I once had a most wise midwife of color tell me that they believed their role as a birth worker was to bear witness to the people they were supporting through birth. This threw me. For the first time, I heard a birth worker remove their work completely from themselves; it was directly placed on being absolutely present in the process and experience of the person birthing. I had to stop and really take to task the true reason I am a birth worker (having never been pregnant or a mother) and ask, who am I doing this work with not for? Who needs to be witnessed? And how are our experiences of birth impacted by our intersecting identities?
In a 2016 report by the World Health Organization (WHO), it states the painful fact that on Turtle Island (North America), black women are dying in pregnancy, birth and postpartum at 3 times the rate of white women. According to a 2010 report from Amnesty International, women of color are twice as likely as white women to delay prenatal care, along with being more likely to enter pregnancy with chronic conditions like hypertension (high blood pressure) and diabetes. Angela Ferrel-Zabala, the national director of Strategic Partnerships for the Planned Parenthood Federation of America, states clearly, that racism and discrimination are “key factors for the disproportionately high rates of maternal death [and poor maternal health] that women of color, especially black women, experience.” In fact, Stevie Merino, co-creator of the Long Beach Birth Worker of Color Collective, makes clear that, “we can’t talk about the birth disparities or safer childbirth for people of color without also addressing the economic, social, and political issues that also create overwhelming barriers for birthing people of color.”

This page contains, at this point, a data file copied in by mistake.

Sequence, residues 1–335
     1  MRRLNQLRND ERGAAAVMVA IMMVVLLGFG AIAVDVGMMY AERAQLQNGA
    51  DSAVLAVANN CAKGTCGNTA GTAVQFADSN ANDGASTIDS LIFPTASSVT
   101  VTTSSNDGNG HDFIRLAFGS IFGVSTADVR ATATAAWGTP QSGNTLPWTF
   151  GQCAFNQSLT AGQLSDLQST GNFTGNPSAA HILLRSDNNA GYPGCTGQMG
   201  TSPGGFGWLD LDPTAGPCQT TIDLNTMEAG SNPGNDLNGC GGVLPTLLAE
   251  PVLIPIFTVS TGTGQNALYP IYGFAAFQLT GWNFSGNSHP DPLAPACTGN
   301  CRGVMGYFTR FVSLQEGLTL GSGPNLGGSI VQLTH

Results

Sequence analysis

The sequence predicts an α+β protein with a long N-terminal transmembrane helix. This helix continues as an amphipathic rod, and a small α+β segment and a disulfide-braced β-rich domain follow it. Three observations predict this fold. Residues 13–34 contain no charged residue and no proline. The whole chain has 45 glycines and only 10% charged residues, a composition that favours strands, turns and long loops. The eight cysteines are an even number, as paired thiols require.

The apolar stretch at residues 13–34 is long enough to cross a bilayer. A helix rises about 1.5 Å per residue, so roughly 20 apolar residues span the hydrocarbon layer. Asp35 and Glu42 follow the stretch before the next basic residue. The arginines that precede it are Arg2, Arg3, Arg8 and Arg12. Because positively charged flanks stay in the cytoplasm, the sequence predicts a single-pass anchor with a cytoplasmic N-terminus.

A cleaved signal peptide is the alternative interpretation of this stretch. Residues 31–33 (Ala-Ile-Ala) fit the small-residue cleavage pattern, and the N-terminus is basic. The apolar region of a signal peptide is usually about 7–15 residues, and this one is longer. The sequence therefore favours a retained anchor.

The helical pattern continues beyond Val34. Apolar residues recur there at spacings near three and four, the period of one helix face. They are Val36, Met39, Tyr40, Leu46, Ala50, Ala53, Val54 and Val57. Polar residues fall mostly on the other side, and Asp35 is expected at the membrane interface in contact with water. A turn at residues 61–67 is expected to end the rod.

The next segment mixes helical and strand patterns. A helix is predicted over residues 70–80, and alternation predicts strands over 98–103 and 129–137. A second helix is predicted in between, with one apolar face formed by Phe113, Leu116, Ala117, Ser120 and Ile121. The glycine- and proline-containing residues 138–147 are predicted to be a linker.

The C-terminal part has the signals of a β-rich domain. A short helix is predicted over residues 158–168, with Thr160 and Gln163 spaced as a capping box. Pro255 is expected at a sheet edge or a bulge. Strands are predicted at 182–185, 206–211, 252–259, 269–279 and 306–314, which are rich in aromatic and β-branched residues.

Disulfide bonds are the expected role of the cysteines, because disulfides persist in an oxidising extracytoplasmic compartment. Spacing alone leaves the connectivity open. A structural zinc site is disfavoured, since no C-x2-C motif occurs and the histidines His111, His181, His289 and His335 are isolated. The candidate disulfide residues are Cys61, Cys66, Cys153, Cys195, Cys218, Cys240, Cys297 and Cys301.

And this painful birth truth isn’t just restricted to folx of colour who are low-income, as we see black women like Serena Williams, who are of the rich and famous, speaking out on their terrifying experience through the birth process, as well.
The hardest reality of her situation is that it could have been avoided if her attending nurse and doctor had just listened to her; she knew what she needed, and expressed it, but they had decided she was unable to clearly communicate her medical needs due to being medicated and not a medical professional.